For Penn’s most successful program in recent years, it’s business as usual.
With eyes on another Ivy trophy, an Ivy Tournament title and a deep run in the NCAA championships, the Quakers certainly have high expectations for the coming spring.
It’s nothing new for Penn women’s lacrosse, a program which has claimed at least a share of the last six Ancient Eight titles and has reached the Final Four three times during that span.
But if last year taught the Quakers anything, it was that they are facing a period of relative parity at the top. Due to the Ivy’s complex tiebreaking procedure, the Quakers needed and got a win in their league finale against Princeton to secure an outright championship.
“Ivy League is always a battle … if one of us didn’t make it, we weren’t going to the [Ivy] tournament,” senior midfielder Maddie Poplawski said. “It’s definitely competitive. I’m sure Princeton and Dartmouth still have the big guns they did last year.”
The departure of arguably two of the most decorated players in program history in goalkeeper Emily Leitner and attack Erin Brennan means the Quakers have big holes to fill.
“Those two aren’t replaceable,” coach Karin Brower Corbett said. “They were such great leaders for us on both ends of the field and … two players we sincerely miss.”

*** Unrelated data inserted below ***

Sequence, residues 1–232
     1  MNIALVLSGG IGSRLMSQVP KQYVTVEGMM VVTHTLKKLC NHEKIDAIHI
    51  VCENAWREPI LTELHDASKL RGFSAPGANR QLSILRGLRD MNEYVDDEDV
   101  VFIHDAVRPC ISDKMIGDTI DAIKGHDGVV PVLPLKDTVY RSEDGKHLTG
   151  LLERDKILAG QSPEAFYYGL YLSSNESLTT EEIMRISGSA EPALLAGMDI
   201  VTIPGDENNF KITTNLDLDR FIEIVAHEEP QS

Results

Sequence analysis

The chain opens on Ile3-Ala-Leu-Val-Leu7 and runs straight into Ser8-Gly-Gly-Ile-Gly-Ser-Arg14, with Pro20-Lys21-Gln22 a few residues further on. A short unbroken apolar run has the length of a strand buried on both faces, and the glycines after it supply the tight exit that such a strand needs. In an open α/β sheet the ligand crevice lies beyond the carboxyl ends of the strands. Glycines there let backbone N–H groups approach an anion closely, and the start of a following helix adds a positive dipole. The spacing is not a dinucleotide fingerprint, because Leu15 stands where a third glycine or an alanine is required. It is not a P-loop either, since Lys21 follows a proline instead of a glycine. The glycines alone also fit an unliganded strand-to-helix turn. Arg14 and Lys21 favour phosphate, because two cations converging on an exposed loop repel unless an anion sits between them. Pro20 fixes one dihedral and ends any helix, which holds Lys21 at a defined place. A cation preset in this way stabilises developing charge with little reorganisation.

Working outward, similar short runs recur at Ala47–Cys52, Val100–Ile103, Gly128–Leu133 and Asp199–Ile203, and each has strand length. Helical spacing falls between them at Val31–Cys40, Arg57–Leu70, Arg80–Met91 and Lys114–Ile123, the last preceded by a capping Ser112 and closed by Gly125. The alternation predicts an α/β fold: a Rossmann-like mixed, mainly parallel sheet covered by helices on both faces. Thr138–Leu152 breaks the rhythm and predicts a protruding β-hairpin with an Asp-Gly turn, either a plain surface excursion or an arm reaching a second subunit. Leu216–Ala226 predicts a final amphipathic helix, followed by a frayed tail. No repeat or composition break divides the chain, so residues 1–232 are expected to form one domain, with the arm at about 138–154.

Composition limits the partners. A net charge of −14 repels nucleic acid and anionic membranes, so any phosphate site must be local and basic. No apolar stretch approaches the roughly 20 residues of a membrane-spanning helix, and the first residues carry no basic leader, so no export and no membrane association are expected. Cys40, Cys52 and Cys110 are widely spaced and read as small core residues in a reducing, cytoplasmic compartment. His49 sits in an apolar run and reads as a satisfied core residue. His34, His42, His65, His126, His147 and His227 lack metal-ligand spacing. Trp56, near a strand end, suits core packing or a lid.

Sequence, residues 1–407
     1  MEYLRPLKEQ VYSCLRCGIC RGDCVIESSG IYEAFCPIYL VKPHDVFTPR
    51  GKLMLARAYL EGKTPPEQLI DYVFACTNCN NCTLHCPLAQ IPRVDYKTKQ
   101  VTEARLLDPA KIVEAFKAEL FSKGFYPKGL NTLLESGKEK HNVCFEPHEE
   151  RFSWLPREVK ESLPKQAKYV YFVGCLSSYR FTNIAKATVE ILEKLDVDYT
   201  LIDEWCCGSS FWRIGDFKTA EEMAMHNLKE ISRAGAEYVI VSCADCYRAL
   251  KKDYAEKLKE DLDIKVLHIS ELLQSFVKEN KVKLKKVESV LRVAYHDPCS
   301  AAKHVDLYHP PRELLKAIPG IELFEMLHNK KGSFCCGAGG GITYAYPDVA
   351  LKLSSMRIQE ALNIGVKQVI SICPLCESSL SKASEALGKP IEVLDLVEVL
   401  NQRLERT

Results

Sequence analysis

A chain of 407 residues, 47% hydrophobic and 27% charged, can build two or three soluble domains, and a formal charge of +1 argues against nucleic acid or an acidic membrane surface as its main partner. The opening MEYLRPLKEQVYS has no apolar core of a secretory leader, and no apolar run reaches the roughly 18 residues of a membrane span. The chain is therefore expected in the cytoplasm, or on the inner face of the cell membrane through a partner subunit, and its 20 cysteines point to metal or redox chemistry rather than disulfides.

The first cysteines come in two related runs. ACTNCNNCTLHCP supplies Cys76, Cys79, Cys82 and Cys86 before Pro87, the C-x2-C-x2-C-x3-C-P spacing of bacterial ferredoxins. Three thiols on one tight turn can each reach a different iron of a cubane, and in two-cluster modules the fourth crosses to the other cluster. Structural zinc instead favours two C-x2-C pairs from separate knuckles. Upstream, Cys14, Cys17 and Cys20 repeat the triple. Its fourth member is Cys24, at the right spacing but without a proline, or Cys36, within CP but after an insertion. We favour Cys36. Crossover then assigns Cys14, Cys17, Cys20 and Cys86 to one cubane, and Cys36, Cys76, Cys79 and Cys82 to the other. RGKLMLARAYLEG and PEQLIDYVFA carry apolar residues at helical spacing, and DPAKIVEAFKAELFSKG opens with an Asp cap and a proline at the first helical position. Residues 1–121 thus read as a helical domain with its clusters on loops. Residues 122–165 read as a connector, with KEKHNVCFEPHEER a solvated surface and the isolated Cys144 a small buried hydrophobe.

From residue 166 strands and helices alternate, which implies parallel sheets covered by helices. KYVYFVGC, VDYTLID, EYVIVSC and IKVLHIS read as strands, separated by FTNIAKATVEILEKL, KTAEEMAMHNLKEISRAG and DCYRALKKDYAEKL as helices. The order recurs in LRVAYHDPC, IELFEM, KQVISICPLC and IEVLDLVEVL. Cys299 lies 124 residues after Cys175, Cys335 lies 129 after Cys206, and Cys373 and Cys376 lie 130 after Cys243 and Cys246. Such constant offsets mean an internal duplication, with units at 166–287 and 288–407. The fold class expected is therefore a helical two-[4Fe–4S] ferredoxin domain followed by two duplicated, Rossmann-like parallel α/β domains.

But with an experienced senior class and 10 new players, including William & Mary transfer Lucy Ferguson, the Quakers are counting on a new dimension of depth and speed that they didn’t have before.
“It’s exciting that we have more depth this year,” Brower Corbett added. “We just struggled with injuries last year, and we didn’t have many subs.”
“We’ve been able to stay with teams, like Penn State, tackling back and getting the ball back,” senior attack Caroline Bunting said.
In addition to new players, Penn will rely on Bunting and junior Courtney Tomchik to pick up the scoring while midfielders Poplawski and Meredith Cain control the tempo in the middle of the field.
With the season opener against Drexel in just two days, Penn will soon have a taste of what is to come — matchups against some of the country’s toughest teams.
“We do have Maryland, Northwestern and UNC, and those are obviously three top-five teams,” Brower Corbett said. “We want to play that and we want to win an Ivy League Championship but beyond that we want to go deep in the NCAA Tournament and the Final Four.”
The rough non-conference slate will be even more important as the Quakers look to prepare for a run in the NCAA Tournament. After being dropped by Dartmouth in last year’s Ivy tournament, the Quakers had to wait for an at-large bid and were one of the last teams to qualify for the tournament.
This year, the tournament is expanding to 24 teams, up from 20 last year, and as long as Penn is in a similar position, it could use the extra time and the late April game against Northwestern to fine-tune for the tournament, instead of forcing another must-win game.
“We’ve been Ivy League champions the past three seasons and that’s definitely one of our big goals, and this year we were ranked in the top-12 and we see the national championship in sight,” Poplawski said.